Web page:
Gradwatch 2022: Eden Poole, Winchester Faculty of Artwork
“I’ve always struggled with the idea of having a ‘style’: I just wanted to be able to create what I wanted to create in that moment in time,” says Winchester School of Art grad Eden Poole. She needn’t have worried, however, having emerged from her Graphic Arts course with a distinctive but hugely versatile style of motion graphics that ranges from psychedelic and expressive to delicate and dynamic.
She discovered her love of motion graphics through the course’s multidisciplinary first semester, which gave her “the chance to really discover what I wanted to do”, she says. “It also was nice to be surrounded by all different people with different specialisms. Having illustrators, motion designers, photographers, and graphic designers, you got to really learn from each other.”
Top image: Joy; Above: Mixed Emotions
That idea of community was central to Poole’s university experience, but was hampered by the fact a significant portion of her study years were under the Covid lockdowns. She reckons the pandemic made things “ten times harder” for creative degrees in particular.
“I personally thrived off working in a studio with everyone around, and not having that was challenging,” she says. “Creative degrees are so hands-on and require so many different physical things. Some of us couldn’t access key software and had to adapt to it. I do think we missed out but it did make getting that degree so much more rewarding knowing you had got it through a pandemic.”
Throughout her time at uni, she found herself becoming increasingly interested in speculative approaches, and exploring the potential of these through 3D modelling and animation. She’d never had the opportunity to explore motion design before her degree, and decided fairly early on to take a couple of related workshops, relishing the challenge of learning both new design principles and software tools. “Motion design was a bit of a risk for me…. I decided to just give it a go and have loved it ever since,” she says.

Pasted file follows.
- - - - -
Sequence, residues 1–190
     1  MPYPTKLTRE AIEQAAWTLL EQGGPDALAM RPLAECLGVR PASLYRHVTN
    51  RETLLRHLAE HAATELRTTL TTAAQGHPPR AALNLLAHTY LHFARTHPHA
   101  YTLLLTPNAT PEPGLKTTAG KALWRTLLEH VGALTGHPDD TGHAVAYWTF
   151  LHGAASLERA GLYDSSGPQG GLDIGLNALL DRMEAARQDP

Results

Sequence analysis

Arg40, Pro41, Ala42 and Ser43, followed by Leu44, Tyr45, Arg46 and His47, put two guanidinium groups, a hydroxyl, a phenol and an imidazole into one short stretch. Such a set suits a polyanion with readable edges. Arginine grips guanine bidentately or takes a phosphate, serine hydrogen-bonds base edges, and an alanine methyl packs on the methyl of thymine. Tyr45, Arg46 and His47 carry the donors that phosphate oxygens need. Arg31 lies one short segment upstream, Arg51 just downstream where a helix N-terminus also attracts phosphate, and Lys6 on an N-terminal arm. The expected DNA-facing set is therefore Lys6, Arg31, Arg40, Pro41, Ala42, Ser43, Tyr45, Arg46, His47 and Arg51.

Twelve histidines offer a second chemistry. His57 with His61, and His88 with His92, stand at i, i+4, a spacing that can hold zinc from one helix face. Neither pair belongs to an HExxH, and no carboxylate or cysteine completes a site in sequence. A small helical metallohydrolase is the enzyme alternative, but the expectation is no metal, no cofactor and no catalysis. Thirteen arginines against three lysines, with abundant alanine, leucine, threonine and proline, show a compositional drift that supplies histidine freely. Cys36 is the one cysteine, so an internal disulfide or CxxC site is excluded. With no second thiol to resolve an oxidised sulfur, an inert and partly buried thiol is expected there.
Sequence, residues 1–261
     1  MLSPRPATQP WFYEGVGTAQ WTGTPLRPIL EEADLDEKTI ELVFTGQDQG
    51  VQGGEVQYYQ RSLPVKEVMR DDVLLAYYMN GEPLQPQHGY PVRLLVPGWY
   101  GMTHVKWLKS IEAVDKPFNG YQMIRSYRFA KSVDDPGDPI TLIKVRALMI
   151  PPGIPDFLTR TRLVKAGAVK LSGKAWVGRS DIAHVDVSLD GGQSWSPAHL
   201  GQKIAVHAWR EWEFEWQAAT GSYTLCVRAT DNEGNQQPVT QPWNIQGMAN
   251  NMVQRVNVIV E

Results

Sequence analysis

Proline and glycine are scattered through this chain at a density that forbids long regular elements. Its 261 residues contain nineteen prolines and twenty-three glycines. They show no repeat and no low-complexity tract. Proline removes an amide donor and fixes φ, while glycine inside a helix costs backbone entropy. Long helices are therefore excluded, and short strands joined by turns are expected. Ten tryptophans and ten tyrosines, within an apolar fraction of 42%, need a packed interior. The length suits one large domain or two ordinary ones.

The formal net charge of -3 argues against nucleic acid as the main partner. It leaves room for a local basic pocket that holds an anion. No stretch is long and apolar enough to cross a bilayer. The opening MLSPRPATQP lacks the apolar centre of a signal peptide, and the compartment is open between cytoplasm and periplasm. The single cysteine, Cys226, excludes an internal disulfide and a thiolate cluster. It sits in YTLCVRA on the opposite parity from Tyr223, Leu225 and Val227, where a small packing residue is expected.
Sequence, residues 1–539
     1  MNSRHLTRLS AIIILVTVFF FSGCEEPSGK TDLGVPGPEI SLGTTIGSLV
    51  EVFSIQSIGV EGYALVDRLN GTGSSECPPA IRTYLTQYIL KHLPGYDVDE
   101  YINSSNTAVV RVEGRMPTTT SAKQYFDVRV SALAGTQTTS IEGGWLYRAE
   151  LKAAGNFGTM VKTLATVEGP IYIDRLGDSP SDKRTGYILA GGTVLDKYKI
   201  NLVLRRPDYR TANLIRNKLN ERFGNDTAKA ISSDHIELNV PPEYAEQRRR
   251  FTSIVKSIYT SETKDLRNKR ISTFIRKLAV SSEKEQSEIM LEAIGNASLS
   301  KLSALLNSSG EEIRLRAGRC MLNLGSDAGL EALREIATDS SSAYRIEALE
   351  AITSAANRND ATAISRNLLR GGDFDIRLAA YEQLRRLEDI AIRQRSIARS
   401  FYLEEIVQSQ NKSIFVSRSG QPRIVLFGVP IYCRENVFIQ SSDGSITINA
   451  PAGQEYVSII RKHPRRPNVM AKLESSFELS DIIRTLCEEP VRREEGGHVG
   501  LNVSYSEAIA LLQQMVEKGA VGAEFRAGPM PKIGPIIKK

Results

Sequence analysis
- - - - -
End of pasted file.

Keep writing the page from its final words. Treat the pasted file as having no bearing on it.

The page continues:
Having graduated, Poole is finding the idea of the unknown her biggest hurdle to overcome. “Being in education for so long now the main challenge is embracing the unknown instead of fearing it,” she says. However, some of those fears have likely been assuaged by her internship at I Love Dust, which describes itself as a “UK based design crüe” based across Brighton and Southsea.
“They have given me the opportunity to work on a massive range of projects and given me the time to explore different avenues within the creative world,” says Poole. “There are so many incredibly talented people at I Love Dust and to learn from them has been an amazing experience. I definitely feel like it has made me 100% know this is what I want to do and I am very grateful for the opportunity.”
For now, her main ambitions are to “create some cool stuff” – for her own benefit, as much as anyone else’s. While it’s not easy without the structure of set uni projects, she’s keen to continue exploring her love for learning new skills and creating things “just for the fun of it”.
As for the best bit of advice she received at uni, Poole says it was all about being encouraged to give everything a go: “My lecturer would constantly push us to try these crazy and sometimes weird ideas we had, despite having the fear it might not work out. He made me realise that if you don’t go out of your comfort zone and create things that might not work you aren’t reaching your full potential. It’s okay for things not to go to plan.”